Bounty replica and festival attempts to lure tourists
There are hopes a replica of the ship, the Bounty, made famous by Fletcher Christian and his mutineers could boost tourism to French Polynesia.
There are hopes a replica of the ship, The Bounty, made famous by Fletcher Christian and his mutineers, could boost tourism to French Polynesia.
Plans for the US$5 million vessel are still on the drawing board, but a company set up to market the Bounty brand hopes Bounty boat tours and an annual Bounty festival will coax more visitors to the territory which has seen a massive drop in tourist numbers.
The General Manager of Bounty Tahiti, Beni Huber told Sally Round the festival runs later this month for the first time, and in five years he hopes a replica ship will be giving tourists a vintage Bounty experience.
(Right - an enlarged reconstruction of the Bounty created for the 1962 film 'Mutiny on the Bounty')
BENI HUBER: Our main project is to bring back the Bounty, to bring back the ship to Tahiti. We saw that here in French Polynesia we don't have anything around the Bounty topic here, we don't have a restaurant, we don't have a Bounty museum, et cetera, et cetera. The goal for the next five years is to create a small project like a museum, a Bounty museum or a Bounty tour, et cetera, et cetera, just to explore this brand. Because, for us, Bounty the brand is well-known all over the world, so we create all together a major touristic attraction for French Polynesia. We will start with our first international Bounty festival to show and to explain and to celebrate, as well, the topic around the Bounty. So during three days we have a Bounty village with different stands, booths about navigation, history. Our project, as well, will be there. We have a school which built a model of the Bounty, et cetera. We have some conferences, as well, and guest speaker Maurice Bligh from London.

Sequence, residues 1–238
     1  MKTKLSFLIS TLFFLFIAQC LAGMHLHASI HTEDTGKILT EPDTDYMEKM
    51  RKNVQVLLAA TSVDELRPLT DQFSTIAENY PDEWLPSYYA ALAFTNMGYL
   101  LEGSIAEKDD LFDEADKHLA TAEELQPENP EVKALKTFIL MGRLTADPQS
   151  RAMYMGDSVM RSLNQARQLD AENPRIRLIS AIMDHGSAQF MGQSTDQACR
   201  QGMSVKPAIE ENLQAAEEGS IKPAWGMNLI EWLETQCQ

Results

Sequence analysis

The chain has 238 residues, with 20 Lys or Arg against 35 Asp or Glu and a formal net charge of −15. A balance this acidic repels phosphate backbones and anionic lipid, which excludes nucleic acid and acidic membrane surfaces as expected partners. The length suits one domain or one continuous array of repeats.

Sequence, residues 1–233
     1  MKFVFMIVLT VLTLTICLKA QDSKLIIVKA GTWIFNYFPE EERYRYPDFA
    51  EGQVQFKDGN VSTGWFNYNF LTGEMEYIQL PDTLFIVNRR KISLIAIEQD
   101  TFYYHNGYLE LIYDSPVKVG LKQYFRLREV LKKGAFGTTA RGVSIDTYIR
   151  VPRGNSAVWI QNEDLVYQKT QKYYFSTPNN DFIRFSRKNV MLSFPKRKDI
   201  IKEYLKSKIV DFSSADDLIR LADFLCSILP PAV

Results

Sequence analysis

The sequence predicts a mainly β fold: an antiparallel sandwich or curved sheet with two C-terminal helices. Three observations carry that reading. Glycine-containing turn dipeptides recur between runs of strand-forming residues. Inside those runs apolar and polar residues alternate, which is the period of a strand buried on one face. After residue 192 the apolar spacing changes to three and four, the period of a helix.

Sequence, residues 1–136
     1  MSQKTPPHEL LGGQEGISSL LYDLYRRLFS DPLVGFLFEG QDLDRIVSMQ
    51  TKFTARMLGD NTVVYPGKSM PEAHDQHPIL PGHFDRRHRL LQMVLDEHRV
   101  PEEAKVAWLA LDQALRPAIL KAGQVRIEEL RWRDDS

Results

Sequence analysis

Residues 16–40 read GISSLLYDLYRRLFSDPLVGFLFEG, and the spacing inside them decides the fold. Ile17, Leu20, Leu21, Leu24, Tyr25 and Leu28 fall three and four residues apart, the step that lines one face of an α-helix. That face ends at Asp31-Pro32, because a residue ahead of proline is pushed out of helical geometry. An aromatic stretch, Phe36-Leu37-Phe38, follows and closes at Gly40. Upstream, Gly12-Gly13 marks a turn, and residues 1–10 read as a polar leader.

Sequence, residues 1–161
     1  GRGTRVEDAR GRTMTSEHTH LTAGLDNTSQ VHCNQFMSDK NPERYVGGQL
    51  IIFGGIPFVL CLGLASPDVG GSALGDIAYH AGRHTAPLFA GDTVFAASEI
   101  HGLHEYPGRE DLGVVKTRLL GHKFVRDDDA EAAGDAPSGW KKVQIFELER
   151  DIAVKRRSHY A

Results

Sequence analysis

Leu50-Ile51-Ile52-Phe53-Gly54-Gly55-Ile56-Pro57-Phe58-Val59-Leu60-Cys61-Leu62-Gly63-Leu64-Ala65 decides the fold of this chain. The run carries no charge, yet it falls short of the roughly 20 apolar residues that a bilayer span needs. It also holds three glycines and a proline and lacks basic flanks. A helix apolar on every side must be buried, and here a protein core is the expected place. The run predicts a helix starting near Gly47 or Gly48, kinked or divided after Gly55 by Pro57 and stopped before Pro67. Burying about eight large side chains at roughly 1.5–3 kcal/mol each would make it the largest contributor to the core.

SALLY ROUND: What is the significance of the Bounty for French Polynesia? What actually happened there with the ship?
BH: Exactly 225 years ago a mission from England with a boat with Captain Bligh came to Tahiti to collect the breadfruit, the famous breadfruit, to bring back to the colonies of England to feed the slaves. During the stay the people, they very much fell in love with the Tahitian people and on the way back there was the famous mutiny on the Bounty. They took control of the boat and kicked Captain Bligh out of the ship. Fletcher Christian, he brought back the ship to Tahiti to take some Tahitian ladies and settle down on Pitcairn. We also want to show that this is a real story, this is not fiction, and also that the families of the stories, they are still alive.
SR: Yes, because a lot of people know the story of Pitcairn, but French Polynesia is not so well known. How is the story portrayed at the moment in French Polynesia? Do you think they're taking advantage of this story?
BH: Not at all. A part of the museum, James Norman Hall museum, which is the writer James Norman, the famous writer who wrote the book Mutiny On The Bounty, a part of this museum, we don't explore this topic. So that's why we would like right now, in the next five years, to create a major tourist attraction with a small project around it.
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